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Mr. President

Millard Fillmore
Thirteenth President, 1850–1853

“In the North
I was charged with being a pro-slavery man, seeking to extend slavery over free territory, and in the South I was accused of being an Abolitionist. But I am neither.”

No-Win Situation:
With the country edging ever closer to civil war, New Yorker Millard Fillmore tried to find compromises between free and slaveholding states. The Compromise of 1850 helped calm the nation at first, but soon Southerners grew angry at their concessions. And Notherners grew increasingly outraged at the Fugitive Slave Act, which promised slaveowners federal support in capturing runaway slaves. The act gave rise to the underground railroad, a system for helping runaway slaves escape from the South. Also during this time, Harriet Beecher Stowe’s novel, Uncle Tom’s Cabin, was published, stirring the conscience of many Americans concerning the institution of slavery.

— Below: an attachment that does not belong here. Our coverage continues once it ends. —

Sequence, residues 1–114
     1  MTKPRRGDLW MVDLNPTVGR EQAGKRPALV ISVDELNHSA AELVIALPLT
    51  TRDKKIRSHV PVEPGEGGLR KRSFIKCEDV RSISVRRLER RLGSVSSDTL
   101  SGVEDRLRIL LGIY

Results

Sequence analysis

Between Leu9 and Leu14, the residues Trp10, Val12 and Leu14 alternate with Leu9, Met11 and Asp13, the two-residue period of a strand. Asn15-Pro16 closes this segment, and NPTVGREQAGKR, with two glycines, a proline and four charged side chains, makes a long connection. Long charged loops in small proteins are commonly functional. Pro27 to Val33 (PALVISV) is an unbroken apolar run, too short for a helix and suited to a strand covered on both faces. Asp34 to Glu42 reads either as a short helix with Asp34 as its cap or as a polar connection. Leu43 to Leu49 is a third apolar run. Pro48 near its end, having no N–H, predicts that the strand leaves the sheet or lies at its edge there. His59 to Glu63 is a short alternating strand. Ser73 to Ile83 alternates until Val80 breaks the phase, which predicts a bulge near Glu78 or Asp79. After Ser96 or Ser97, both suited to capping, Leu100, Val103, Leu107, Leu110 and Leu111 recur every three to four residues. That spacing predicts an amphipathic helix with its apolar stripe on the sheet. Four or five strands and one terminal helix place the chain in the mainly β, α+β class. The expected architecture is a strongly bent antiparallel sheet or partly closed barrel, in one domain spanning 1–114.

Portrait by an unidentified artist , circa 1843 . NPG.78.50 , Smithsonian National Portrait Gallery .

Fast Facts
Party: Whig
Date of Birth: Tuesday, January 7, 1800
Date of Death: Sunday, March 8, 1874
Vice President: none
First Lady: Abigail Powers Fillmore

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